The color of your skin, poverty and mold: A look into America's - CBS46 News

The color of your skin, poverty and mold: A look into America's childhood asthma epidemic

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Exhibit A: Janice is an 18 year old high school graduate headed to college this fall. She's suffered from respiratory problems since the day she was born. Born premature at two pounds and four ounces, Janice experienced a variety of illnesses throughout childhood. Her asthma was diagnosed at 6 years of age, leading her to the hospital once a year. While she hasn't been hospitalized for asthma in the past five years, she still has wheezing spells that cause her to miss quite a few days of school. She fears that without better control of her wheezing, she won't be able to study hard or even catch her next class in a different building.

Exhibit B: Bill is 15 year old high school sophomore on the varsity football team. Football practice and games have led to ER visits twice a year due to wheezing. While Bill says he takes his medication regularly, his drugstore records suggest otherwise. He does however admit to trying to hide his asthma from his friends and teammates even though he's been suffering with asthma since he was 3 years old.

Exhibit C: Summer is 14 years old entering high school this year. She is currently in the hospital due to an exacerbated episode of asthma. She believes it worsened after spending a weekend with her father and his friends who frequently smoke. While in the ER, her doctor pointed out that her relief inhaler ran out of medicine and did very little to relieve latest episode of asthma. Though her doctor recommends getting it refilled, she says she and her mother have trouble keeping track of when she is supposed to refill her prescription.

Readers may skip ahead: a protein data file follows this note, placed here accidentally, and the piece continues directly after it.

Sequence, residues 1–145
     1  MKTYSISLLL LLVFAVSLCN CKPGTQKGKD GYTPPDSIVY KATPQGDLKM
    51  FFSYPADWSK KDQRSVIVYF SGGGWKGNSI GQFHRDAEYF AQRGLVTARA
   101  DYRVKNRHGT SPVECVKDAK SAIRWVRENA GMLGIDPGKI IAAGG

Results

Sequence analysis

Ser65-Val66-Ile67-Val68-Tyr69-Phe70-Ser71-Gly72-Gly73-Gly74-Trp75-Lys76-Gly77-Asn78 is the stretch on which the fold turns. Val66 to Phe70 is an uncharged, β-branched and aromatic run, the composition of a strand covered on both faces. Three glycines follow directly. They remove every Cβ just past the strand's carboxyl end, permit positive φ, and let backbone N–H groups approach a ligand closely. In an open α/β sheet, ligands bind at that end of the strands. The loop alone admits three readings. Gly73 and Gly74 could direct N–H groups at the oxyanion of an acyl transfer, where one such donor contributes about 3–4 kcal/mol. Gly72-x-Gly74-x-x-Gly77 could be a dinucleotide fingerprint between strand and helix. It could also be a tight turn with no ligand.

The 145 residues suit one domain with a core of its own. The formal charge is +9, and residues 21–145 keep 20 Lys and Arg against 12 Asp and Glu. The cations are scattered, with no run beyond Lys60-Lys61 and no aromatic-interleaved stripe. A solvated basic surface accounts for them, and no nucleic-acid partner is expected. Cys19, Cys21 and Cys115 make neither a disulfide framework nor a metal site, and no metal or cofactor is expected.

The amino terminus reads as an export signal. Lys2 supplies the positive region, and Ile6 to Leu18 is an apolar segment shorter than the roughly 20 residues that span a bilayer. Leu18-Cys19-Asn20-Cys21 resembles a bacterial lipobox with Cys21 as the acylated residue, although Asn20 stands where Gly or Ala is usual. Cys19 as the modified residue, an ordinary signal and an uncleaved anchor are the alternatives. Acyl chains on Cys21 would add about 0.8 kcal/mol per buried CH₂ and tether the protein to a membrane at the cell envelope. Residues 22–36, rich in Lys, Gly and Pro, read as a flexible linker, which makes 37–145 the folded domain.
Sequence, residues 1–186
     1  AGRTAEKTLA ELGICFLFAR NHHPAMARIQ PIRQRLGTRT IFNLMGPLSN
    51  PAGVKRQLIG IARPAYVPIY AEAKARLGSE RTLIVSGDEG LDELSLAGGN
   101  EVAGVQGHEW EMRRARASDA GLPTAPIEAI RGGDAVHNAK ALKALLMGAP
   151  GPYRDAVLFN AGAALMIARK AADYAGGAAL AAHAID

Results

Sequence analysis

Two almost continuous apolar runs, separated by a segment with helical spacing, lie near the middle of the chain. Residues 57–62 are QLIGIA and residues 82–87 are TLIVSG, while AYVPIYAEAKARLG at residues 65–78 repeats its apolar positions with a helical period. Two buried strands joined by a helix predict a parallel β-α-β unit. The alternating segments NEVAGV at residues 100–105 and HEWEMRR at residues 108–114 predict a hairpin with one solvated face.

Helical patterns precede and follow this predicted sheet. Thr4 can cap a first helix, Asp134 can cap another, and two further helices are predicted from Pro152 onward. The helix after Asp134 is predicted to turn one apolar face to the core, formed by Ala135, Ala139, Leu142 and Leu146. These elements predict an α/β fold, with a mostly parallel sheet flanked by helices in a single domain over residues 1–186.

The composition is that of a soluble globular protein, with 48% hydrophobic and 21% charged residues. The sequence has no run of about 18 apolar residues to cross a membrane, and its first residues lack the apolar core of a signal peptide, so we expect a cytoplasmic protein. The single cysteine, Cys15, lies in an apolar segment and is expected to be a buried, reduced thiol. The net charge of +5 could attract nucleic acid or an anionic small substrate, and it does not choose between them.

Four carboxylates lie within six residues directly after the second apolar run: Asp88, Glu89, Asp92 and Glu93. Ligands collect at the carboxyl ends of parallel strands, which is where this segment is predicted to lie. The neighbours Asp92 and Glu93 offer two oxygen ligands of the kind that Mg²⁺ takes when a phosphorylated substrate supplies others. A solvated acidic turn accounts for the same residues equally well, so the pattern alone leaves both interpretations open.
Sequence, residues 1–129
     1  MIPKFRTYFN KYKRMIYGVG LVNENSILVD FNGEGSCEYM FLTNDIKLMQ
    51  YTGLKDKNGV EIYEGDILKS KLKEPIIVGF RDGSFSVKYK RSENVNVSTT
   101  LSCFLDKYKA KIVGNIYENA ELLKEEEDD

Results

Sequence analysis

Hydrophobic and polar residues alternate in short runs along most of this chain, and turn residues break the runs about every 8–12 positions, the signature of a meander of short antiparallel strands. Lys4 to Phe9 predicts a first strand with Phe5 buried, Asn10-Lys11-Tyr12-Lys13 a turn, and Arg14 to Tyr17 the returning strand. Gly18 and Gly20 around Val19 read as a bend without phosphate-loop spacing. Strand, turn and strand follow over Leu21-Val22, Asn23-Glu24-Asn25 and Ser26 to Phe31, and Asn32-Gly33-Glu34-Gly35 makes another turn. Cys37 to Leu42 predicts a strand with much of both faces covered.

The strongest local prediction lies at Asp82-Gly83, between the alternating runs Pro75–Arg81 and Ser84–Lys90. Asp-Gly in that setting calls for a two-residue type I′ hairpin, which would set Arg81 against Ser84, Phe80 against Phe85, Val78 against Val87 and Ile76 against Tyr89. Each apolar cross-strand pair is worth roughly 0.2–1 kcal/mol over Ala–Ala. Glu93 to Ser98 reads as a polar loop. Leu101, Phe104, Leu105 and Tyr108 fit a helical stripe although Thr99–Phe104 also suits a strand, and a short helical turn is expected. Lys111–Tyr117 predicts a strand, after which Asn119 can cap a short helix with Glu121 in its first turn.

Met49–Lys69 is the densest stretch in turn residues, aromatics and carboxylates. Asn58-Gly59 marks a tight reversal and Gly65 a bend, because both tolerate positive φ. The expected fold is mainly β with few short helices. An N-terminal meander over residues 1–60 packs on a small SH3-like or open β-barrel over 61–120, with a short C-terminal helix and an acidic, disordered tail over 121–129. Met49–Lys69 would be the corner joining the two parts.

The take-home message:

While these three asthmatic teenagers seem like they couldn't be any more different, it's their similarities that may surprise you – all three are African American and reside in rural Georgia counties. Still not too surprised? Well, it was certainly news to scientists, who for the past 50 years have associated urban living, not rural living, with higher rates of asthma in children.

In attempt to drive home the point even further, a new study at the Medical College of Georgia (MCG) compared the percentage of youth with asthma in a rural setting versus in an urban setting. The investigators analyzed data from approximately 2,500 students at four schools in rural Georgia and nearly 7,300 students at six public high schools in Detroit. More than 90 percent of the children in Detroit and about 60 percent of the children in rural Georgia are African American.

The results: Approximately, 15 percent of the students in Detroit were already diagnosed with asthma, while 8 percent were not diagnosed with asthma at the start of the study. The rural Georgia rates were similar at 14 percent with diagnosed asthma and 7.5 percent undiagnosed. “Our answer is that living in a city doesn't seem by itself to be a risk factor. This is hopefully one more piece in a large puzzle that will help us understand asthma better,” says Dr. Dennis Ownby, corresponding study author and an allergist-immunologist at the Medical College of Georgia.

If it's not just the big city life that comes with pollution, allergies and exposure to outdoor smoke, then what is it? “This suggests to me that it is not the inner or central city environment that leads to asthma but something else. I suspect that the something else is poorer living conditions, but race may also be a cause,” says Dr. Dennis Ownby.